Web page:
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Yale J Biol Med. 2006 Dec;79(3-4):173-5.

Aggressive Burkitt-like lymphoma of colon in a patient with prior celiac disease.

Author information

1
Hematology and Oncology, Brooklyn Hospital Center, Brooklyn, New York, USA.

Abstract

BACKGROUND:

Celiac disease (CD) and immunosuppression are the two risk factors for gastrointestinal, as well as non-gastrointestinal, non-Hodgkin's lymphomas (NHL). Recent large retrospective studies confirm that celiac disease significantly increases risk of developing small bowel lymphomas by 30 to 40 percent and other gut malignancies by 83-fold.

CASE REPORT:

A 75-year-old man with a history of CD of two-year duration presented with pallor, fatigue, and 20-pound weight loss of three weeks duration. There was a vague non-tender mass in the right hypochondrium, and his stools tested positive for occult blood. The lab values were within normal range, except for hemoglobin of 11mg/dL, MCV 75, mildly elevated SGOT of 61 IU/L, and LDH of about 5000 IU/L. Work-up including computerized tomography (CT) scan, positron emission tomography (PET) scan, and colonoscopy were performed.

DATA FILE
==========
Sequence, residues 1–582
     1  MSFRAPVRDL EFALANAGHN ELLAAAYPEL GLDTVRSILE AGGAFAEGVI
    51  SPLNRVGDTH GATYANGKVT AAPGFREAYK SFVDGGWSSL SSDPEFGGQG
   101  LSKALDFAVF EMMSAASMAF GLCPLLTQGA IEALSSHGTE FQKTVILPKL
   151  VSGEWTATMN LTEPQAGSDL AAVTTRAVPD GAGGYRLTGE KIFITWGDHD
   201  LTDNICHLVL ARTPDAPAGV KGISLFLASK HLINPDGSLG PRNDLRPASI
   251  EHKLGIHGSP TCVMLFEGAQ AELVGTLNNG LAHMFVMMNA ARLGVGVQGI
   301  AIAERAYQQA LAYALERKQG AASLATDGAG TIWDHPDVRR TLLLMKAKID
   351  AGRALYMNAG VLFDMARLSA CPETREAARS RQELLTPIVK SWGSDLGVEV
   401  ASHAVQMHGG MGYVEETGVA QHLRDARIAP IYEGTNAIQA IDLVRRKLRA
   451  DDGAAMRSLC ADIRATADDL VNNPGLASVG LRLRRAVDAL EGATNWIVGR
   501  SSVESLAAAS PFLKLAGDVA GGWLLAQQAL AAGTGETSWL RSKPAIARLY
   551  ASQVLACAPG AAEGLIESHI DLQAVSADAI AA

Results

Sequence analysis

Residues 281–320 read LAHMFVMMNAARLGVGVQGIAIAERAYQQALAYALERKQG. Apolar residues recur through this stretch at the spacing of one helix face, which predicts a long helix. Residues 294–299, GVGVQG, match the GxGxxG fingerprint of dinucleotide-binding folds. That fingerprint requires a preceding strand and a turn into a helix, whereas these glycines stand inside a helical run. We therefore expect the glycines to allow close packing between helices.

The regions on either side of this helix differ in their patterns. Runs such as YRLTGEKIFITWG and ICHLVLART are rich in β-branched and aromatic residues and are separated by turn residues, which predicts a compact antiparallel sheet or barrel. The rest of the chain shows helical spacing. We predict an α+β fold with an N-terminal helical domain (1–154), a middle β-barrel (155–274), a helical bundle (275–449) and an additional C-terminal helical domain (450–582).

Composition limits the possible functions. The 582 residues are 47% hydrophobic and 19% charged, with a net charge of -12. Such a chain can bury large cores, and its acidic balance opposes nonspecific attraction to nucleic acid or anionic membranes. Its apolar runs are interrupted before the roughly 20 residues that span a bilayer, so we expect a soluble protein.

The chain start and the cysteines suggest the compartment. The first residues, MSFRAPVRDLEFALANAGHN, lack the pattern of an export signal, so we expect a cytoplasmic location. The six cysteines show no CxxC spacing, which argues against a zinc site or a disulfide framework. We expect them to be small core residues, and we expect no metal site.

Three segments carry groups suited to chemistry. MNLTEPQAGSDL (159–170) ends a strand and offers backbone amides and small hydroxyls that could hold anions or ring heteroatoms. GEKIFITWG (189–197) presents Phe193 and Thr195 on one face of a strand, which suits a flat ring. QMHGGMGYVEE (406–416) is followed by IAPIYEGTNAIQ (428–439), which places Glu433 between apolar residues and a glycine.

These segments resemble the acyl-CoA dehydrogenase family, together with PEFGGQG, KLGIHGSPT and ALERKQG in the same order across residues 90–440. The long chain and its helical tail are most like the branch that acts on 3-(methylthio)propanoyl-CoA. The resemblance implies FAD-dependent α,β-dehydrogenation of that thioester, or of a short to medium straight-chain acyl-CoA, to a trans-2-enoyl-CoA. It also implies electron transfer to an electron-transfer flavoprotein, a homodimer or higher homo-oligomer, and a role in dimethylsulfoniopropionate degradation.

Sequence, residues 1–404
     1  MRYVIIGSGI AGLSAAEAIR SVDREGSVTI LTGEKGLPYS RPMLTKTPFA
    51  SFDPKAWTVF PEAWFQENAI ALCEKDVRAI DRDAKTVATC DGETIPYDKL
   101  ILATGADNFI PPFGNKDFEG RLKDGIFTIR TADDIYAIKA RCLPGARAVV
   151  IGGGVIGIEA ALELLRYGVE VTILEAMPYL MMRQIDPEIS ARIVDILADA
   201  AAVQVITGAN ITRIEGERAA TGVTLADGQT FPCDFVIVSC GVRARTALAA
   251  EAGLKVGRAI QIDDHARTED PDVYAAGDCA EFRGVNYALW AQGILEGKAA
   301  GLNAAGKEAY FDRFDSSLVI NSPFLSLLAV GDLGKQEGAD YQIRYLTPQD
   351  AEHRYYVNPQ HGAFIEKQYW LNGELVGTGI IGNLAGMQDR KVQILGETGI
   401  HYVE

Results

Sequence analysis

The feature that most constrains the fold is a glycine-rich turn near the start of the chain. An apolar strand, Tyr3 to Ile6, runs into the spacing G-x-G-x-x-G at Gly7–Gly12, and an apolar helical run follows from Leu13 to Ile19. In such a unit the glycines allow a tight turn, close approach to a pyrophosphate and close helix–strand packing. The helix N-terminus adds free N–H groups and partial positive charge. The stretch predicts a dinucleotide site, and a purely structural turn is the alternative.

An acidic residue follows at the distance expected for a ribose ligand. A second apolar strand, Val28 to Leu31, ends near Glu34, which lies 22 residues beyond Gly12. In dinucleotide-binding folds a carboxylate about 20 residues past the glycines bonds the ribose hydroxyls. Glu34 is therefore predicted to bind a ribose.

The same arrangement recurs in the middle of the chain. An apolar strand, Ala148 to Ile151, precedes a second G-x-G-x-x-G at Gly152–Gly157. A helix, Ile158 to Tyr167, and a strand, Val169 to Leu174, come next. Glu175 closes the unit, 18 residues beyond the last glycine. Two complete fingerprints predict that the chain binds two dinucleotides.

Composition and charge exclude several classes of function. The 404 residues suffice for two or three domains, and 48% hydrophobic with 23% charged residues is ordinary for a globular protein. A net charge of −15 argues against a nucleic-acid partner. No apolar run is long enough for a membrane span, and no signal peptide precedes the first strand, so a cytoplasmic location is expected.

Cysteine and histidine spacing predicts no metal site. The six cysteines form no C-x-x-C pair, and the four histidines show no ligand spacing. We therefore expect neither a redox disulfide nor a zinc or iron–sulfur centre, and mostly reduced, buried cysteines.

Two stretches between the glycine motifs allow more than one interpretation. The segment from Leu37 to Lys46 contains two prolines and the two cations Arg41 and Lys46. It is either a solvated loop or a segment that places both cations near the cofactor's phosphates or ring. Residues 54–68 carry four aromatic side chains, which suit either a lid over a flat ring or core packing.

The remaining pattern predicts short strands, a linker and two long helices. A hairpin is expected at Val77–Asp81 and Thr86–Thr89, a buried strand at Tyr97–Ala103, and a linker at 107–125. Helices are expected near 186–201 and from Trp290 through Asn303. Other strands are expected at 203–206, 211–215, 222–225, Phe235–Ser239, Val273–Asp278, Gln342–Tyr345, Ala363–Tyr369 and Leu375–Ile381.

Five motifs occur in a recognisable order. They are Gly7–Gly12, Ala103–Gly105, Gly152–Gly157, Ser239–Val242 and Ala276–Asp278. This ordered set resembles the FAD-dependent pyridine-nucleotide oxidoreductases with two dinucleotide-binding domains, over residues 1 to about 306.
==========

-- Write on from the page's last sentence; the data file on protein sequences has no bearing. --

RESULTS:

A CT scan of the abdomen showed extensive carcinomatosis, scattered lymphadenopathy, and small pleural effusions. PET scan results coincided with CT findings. Colonoscopy revealed a friable nodular mass in the hepatic flexure, histopathology of which confirmed a high-grade B-cell lymphoma. Flow cytometry following immunostaining was positive for CD10, CD19, CD20, CD45, CD79a, and Ki-67. FISH assay demonstrated t (14:18) translocation and bcl-2 rearrangement. The bone marrow biopsy showed evidence of disease. The patient was treated with rituximab, plus cyclophosphamide, Adriamycin, vincristine, and prednisone (CHOP-R), with intrathecal methotrexate prophylaxis. Currently, the patient remains in remission.

CONCLUSION:

This is the first case of aggressive Burkitt-like lymphoma (BLL) occurring in a patient with celiac disease in his eighth decade of life. It is possible that chronic inflammation, profound immunosuppression, and nutritional deficit could lead to development of high-grade B-cell lymphoproliferative disorders. Further molecular studies are warranted to the investigate the link between certain polymorphisms of human leukocyte antigens (HLA) in B-cell populations in the gut, and this might be useful to identify high-risk individuals in the population of patients with CD.

PMID:
17940628
PMCID:
PMC1994793
[Indexed for MEDLINE]
Free PMC Article

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